Issue 176 January 2023
News From The Farm
Your regular update from Nicholas
‘With unsettled temperatures, keep your feeders full in case of a hard frost’Nicholas Watts

2022 has been dubbed as the warmest year ever – it may well have been overall, but not in this corner of England according to my records. 2020 and 2014 were both slightly warmer than 2022. December was the coldest since 2010 though, so if that month’s temperatures had been average, then we would’ve had the warmest year on record.

December has also been drier than average with only 38mm or 1.5 ins of rain. This made 2022 a dry year, with only 425mm or 16.7 ins of rain falling against our average here of 530mm or 21 ins. Only five drier years in the last 50 years here, the driest being 2011 with only 348mm or 13.7 ins, followed by a very wet 2012.

What's HappeningOn the farm
Greylag Geese on ground cover

The frosty weather in the first half of the month did us no harm; it was seasonal and broke down the ploughing well.

December is a month to reflect on what has happened during the last year. We can see how our crops performed in 2022, but we really need to look back further to see if we still want to continue growing certain crops. One of those crops is the sugar beet.

We still have some sugar beet to harvest, but there’s a flock of birds that are already harvesting it. Between 500 and 700 of our resident Grey Lag Geese are coming to the field, but that’s only about half of them, so it could be worse. We frighten them off, but they soon come back within a couple of days. It is only these last four or five years that they have been eating the growing crop, before then they only landed in the fields that had been harvested. Now that they have a taste for it, they will be looking for it every year.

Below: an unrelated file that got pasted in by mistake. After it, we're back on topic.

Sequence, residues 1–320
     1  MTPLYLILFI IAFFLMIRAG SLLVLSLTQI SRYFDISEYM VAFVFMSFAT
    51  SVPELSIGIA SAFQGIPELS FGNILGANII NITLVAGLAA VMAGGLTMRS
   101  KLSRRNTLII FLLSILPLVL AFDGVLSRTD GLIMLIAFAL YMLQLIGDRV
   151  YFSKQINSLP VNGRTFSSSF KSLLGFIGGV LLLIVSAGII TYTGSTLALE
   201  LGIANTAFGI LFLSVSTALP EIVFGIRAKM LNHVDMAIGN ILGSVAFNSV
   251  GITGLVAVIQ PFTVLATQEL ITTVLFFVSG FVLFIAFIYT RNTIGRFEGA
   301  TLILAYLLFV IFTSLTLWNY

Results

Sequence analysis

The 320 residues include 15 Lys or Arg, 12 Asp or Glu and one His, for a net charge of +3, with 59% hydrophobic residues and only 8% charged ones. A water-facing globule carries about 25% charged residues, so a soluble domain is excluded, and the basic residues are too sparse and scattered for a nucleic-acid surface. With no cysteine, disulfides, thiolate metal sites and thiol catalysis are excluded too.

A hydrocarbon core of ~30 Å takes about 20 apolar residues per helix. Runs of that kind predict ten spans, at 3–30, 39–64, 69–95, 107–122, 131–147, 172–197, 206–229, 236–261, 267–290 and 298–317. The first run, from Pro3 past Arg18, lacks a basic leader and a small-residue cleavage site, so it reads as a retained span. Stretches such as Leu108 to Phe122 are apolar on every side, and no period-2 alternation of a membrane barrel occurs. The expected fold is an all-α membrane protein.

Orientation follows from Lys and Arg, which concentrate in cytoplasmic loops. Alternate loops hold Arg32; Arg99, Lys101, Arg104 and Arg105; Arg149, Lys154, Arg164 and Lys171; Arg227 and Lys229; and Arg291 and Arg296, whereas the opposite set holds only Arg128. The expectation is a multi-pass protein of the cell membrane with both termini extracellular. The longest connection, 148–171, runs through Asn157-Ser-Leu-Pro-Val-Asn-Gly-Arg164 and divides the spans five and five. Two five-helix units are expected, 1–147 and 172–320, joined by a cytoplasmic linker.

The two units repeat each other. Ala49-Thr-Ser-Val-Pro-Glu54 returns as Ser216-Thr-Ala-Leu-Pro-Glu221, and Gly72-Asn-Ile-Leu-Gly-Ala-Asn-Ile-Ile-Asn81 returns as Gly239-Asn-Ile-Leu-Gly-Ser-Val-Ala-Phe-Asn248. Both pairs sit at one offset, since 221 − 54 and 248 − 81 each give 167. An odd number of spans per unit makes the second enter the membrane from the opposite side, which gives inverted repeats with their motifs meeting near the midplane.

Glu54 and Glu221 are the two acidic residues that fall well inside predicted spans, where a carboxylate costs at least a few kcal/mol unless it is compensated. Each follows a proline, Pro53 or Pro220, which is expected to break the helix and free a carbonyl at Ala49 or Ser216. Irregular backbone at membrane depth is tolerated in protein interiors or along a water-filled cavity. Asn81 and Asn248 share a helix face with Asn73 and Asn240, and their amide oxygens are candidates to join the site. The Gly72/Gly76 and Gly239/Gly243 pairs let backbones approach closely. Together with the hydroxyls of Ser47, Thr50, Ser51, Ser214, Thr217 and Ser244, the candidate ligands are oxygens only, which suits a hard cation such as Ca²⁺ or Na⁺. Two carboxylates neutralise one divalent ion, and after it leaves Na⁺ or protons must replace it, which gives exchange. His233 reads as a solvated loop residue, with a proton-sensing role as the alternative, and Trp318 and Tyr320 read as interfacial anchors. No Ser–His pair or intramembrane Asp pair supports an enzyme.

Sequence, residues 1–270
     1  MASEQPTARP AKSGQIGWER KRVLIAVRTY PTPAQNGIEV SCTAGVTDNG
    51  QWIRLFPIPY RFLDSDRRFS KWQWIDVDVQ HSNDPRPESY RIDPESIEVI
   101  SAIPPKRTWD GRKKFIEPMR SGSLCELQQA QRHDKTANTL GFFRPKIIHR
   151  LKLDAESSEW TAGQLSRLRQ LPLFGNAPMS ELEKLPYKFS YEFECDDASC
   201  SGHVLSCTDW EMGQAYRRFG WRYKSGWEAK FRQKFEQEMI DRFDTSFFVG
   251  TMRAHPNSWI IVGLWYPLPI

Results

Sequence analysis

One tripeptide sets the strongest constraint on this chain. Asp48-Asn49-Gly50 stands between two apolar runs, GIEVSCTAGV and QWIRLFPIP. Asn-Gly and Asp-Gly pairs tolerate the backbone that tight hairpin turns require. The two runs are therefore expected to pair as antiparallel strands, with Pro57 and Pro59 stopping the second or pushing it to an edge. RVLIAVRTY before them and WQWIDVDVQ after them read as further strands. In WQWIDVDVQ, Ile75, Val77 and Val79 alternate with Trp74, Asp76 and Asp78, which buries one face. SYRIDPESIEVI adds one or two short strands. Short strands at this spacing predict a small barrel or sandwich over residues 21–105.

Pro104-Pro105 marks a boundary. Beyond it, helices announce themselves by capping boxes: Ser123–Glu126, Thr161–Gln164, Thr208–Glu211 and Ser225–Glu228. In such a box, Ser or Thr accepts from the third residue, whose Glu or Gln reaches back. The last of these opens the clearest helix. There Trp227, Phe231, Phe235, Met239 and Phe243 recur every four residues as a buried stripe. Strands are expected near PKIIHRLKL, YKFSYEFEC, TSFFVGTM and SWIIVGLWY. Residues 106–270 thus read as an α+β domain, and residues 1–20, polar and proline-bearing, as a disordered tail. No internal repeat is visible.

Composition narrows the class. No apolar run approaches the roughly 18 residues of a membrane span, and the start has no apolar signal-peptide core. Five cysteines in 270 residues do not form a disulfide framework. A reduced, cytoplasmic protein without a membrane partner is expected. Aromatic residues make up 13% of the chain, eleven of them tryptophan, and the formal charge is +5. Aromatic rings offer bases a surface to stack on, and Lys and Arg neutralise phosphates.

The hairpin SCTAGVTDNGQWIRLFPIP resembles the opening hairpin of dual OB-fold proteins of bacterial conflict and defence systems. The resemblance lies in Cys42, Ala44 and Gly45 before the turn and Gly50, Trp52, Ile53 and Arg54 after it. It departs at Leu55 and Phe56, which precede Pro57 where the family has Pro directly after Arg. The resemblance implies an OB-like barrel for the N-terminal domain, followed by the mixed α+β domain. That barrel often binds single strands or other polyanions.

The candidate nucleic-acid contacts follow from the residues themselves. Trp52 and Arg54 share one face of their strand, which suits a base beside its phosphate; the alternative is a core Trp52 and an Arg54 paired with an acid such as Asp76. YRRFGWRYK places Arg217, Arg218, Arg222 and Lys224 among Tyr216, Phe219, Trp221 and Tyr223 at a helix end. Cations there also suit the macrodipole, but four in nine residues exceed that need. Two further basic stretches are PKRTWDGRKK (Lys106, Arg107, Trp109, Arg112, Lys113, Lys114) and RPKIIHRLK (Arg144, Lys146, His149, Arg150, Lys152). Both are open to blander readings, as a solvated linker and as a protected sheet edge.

Greylag Geese are quite big birds and each of them will eat more than a pound of sugar beet a day, so the flock will be eating more than a ton a week. The problem will only get worse as their population grows – sugar beet is far more nutritious than grass or wheat shoots, so we have to decide whether to continue growing it. It’s a crop that we do not sell, as we are given the price before we sow it. Its big advantage is that it is a good break crop, it isn’t related to anything else that we grow and it can be grown every three years in a rotation.

Potatoes can only be grown every six years; better still if grown only every eight years, which is the same for peas. Wheat can be grown every year, but it will not yield well, as the farmer will get a better crop if it is grown every other year. The wider rotation a farmer can have, the bigger crops he will get.

With our bird seed crops, we are better placed to have a wider rotation than most farms. Ideally, we should be having four years cropping and four years grass, which gives all the invertebrates time to recover their populations. When we plough the land, 50% of the invertebrates get killed and as they are the ones that make the holes in the soil for the heavy rain to drain away, we need them. Therefore we are doing fewer cultivations now to increase the invertebrate populations.